Since both texts were short in length but rich in prompts for discussion, I am posting questions I would like to discuss in class on Friday on both of them. If I don’t have the time, I will skip one or two questions. Each parenthesis contains a link either to an interesting essay or to a video I found while I was researching.
A. Nat Turner (Nat Turner’s rebellion and the aftermath):
- Religious Leader and his revelations:
- Leading question: was Turner a prophet or an intelligent leader who knew how to motivate the other slaves to revolve against the masters?
- “What is African Christianity? What caused the formation of this particular religion, and why? How is it relevant to Nat Turner? At first, the European enslavement of Africans was only economic. Eventually, Europeans justified their participation in the slave trade by declaring that their economic interest was also evangelical. Europeans contained a demand for African labor,
which also included the goal of converting Africans to Christians. The result was the enslavement of African people and the merger of African religions with European Christianity, a form of Christianity that satisfied both Africans and Europeans” (The Journal of Pan African Studies 127).
- “The dynamics of African and European “religious knowledge and philosophy” and the “reevaluation of basic concepts and sources of knowledge of both religions” to find common ground made this religious merger satisfactory to the “religious understandings” of both parties…This common ground is the concept of “revelation.” (The Journal of Pan African Studies 127).
- Military leader leading against the “enemy.”
- Leading Question: Many rebellions and revolutions happened during the era of 1800 to 1900. Is Nat Turner’s rebellion one of them?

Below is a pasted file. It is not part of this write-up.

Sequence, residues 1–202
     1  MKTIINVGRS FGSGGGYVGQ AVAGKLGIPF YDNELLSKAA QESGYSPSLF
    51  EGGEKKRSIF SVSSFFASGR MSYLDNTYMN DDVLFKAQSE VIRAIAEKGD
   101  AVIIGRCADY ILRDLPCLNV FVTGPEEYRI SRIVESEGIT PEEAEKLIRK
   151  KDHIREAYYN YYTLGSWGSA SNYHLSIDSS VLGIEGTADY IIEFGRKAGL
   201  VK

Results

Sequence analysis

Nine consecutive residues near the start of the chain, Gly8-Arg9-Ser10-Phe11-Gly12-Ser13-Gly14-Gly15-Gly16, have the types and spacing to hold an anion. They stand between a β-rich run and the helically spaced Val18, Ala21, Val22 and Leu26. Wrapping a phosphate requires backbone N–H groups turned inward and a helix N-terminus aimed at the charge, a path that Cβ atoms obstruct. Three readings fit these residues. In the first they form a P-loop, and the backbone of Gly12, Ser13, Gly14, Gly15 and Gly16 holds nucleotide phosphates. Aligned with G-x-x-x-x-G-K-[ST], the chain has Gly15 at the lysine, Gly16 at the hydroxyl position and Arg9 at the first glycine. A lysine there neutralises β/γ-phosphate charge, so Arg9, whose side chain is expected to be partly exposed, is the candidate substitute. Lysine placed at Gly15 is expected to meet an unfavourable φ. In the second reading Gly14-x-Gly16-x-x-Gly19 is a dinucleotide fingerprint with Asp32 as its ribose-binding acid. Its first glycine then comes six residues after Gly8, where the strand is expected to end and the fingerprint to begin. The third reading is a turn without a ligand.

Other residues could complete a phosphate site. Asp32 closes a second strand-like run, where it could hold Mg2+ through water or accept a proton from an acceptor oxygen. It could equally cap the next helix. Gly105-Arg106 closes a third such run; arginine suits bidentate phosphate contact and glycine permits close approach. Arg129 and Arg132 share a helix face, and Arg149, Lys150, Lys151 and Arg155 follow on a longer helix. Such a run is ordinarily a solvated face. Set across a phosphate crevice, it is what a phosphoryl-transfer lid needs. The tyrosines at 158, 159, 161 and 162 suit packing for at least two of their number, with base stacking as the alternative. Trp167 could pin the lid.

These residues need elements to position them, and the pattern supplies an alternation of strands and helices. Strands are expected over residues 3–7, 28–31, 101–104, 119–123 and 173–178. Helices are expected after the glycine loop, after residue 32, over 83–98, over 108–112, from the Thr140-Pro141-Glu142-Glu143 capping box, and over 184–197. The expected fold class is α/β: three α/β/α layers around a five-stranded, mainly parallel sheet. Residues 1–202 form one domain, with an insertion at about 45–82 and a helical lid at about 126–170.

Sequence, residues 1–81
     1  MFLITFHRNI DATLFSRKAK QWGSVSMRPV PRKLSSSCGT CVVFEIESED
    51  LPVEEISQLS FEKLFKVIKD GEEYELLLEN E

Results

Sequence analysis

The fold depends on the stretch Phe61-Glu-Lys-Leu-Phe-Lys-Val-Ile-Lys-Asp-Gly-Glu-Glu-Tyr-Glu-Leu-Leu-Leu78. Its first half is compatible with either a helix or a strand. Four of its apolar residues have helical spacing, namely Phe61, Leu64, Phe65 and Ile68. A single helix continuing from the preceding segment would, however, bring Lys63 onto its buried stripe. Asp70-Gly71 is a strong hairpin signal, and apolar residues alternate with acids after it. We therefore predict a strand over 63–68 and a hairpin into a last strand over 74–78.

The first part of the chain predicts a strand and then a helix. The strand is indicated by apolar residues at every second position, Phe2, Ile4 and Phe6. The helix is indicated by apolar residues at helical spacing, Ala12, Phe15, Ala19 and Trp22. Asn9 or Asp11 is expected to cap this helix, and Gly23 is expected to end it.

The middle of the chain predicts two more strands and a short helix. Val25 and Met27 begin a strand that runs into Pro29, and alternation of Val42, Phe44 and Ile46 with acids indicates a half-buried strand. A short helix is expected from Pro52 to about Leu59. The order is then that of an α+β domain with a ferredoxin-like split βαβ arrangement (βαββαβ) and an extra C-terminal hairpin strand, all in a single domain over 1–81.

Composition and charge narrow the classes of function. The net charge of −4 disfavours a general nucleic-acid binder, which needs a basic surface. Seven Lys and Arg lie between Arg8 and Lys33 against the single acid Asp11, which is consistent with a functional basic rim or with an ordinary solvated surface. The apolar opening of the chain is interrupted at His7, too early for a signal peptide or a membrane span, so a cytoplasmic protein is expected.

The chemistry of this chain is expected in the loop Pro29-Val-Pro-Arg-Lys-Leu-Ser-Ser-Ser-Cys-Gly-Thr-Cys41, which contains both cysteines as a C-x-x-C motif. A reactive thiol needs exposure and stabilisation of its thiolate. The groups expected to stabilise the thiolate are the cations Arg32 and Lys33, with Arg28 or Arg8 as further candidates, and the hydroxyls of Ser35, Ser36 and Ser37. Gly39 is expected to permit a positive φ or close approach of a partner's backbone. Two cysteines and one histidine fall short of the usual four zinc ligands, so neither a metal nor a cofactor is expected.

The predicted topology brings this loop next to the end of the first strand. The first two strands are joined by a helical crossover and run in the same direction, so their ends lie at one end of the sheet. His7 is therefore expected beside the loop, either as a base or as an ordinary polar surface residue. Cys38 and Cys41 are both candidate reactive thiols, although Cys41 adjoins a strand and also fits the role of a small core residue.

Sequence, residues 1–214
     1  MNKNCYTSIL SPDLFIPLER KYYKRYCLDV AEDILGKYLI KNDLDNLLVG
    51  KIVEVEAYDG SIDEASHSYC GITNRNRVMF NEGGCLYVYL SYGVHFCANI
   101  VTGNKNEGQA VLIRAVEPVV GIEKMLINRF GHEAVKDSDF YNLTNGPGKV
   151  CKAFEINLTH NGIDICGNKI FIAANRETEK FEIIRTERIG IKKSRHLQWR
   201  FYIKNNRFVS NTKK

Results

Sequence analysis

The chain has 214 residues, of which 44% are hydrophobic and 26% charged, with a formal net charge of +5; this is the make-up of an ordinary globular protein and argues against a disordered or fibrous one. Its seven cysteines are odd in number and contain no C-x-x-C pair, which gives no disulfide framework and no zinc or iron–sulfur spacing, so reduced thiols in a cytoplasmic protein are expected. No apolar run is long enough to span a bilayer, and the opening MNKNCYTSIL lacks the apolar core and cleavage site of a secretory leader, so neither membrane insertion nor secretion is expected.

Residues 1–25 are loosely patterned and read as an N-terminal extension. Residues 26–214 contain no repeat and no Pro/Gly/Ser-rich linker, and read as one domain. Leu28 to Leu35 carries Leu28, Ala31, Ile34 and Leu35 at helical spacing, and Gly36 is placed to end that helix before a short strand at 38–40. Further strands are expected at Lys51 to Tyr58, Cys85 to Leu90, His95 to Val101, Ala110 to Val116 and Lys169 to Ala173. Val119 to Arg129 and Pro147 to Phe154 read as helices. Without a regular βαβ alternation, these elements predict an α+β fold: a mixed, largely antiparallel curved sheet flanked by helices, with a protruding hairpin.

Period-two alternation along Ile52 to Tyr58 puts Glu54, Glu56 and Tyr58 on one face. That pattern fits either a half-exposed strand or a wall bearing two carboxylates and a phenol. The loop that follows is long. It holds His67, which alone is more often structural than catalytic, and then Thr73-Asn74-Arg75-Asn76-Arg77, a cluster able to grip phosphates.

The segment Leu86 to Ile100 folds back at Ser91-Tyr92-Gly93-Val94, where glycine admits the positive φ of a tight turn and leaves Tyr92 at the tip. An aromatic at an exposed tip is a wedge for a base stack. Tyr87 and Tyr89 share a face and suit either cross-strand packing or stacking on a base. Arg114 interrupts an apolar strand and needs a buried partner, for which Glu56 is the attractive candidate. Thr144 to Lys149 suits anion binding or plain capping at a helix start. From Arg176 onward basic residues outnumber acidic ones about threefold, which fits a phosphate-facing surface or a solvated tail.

- William Lloyd Garrison, in response to the Southampton Insurrection, stated that the “excesses of the slaves . . . Deserve no more censure than the Greeks in destroying the Turks, or the Poles in exterminating the Russians, or our fathers in slaughtering the British. Dreadful, indeed, is the standard erected by worldly patriotism!” (82). Therefore, it is only a black slave’s audacious application of the principle of resistance in the United States that elicits the charge of illegitimate enthusiasm” (Nat Turner and the Work of Enthusiasm, 1349).
- Memoir or Confession?
- Leading question: Having read the Smith and Watson’s textbook and with an idea in mind of what is a memoir or autobiography, would you say that the Confessions of Nat Turner can be categorized in any of these genres?
- Why Nat Turner’s confession is essential for African American literature?
- “In the afterward to the 1992 edition of The Confessions of Nat Turner, Styron defends the work as a novel and distinguishes between “the roles of the historian and the novelist” (445). He says nothing about the influence of autobiographical writing, nor does he allude to any interest in the memoir” (A Mighty Clamor to Know”: Rhetorical Power and Memoir Fiction in Styron’s The Confessions of Nat Turner 49).
B. Zora Neale Hurston (quick bio):
- I suggest you watch at least the first ten minutes of this video and re-read the story. It will change the way you read it initially!
- Identity: what do we know about Zora’s identity development?
- What do we know about her opinion on race?
- What were your thoughts on her quick biographical story to be the colored me?